Still no screening test for ovarian cancer

Latest trial of two screening procedures fail to reduce mortality
 

Ovarian cancer remains a major cause of death in women because it is often detected late in the course of the disease and treatment is unable to have any significant effect. This has led medical researchers to look for ways, such as blood tests or imaging, to screen women for ovarian cancer when they have no symptoms and detect it much earlier. Screening is used for cervical cancer (the HPV test) and breast cancer (imaging) with considerable success.  Now, the results are in of a large trial conducted across UK hospitals which looked at two ways to screen for ovarian cancer.

More than 200,000 healthy women without any previous history of cancer were involved in the study and were randomly allocated to one of three groups.

Women in the first group were screened using a combination of the CA-125 blood test which is used routinely to monitor patients during their cancer treatment, together with a transvaginal ultrasound. The second group were screened using only transvaginal ultrasound. In both groups the tests were done on an annual basis over 15 years. The third group of women did not undergo any screening procedure and received what is currently normal care.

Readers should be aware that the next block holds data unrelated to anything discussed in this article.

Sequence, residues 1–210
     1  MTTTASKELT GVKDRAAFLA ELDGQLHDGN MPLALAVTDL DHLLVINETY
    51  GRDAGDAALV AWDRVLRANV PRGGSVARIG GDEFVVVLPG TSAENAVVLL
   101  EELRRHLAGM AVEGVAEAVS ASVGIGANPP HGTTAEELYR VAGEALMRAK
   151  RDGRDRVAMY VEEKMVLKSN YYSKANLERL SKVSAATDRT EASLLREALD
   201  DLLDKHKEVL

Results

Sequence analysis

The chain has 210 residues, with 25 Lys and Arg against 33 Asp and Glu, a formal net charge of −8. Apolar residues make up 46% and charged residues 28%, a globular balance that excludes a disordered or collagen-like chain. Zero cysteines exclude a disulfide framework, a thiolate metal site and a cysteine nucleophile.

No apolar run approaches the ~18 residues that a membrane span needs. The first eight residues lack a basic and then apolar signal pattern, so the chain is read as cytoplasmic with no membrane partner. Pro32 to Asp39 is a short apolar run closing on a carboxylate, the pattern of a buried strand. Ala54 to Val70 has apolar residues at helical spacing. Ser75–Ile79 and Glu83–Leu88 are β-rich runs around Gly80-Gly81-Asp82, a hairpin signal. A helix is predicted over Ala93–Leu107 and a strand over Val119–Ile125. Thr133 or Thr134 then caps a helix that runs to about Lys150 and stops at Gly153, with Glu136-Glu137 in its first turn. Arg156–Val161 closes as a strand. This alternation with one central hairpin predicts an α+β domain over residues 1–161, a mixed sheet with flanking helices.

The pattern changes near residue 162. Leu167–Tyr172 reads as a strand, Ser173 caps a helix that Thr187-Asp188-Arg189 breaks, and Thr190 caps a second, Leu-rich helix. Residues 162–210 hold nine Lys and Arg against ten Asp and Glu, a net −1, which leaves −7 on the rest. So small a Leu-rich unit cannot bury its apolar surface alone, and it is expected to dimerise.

In a similar way to other cancers, ovarian cancer is described according to the stage of the disease at the time of diagnosis. Stage 1 is early disease while Stage 4 is the most advanced.  The results of the trial showed that the screening procedure using the combination of the CA-125 test and ultrasound led to a significant increase in the diagnosis of Stage 1 disease as compared to the women in the no screening group. The same screening procedure also led to a decrease in the number of women diagnosed with more severe (Stages 3 & 4) disease compared to the women who received no screening.

But disappointingly, despite these positive findings of reductions in the incidence of severe disease in one of the screening groups, it did not lead to fewer women dying in either of the two screening groups compared to the no screening group – the rate of death was similar in all three groups.

These findings highlight the importance of carrying out trials like this over long periods so that their potential impact can be fully assessed. But of course the main conclusion is that general population screening for ovarian cancer cannot be conducted until we find a way to detect the disease earlier in women who have no symptoms of the disease.

Menon U et al.  Ovarian cancer population screening and mortality after long-term follow-up in the UK Collaborative Trial of Ovarian Cancer Screening (UKCTOCS): a randomised controlled trial. Lancet May 12, 2021.  https://doi.org/10.1016/S0140-6736(21)00731-5
 
 


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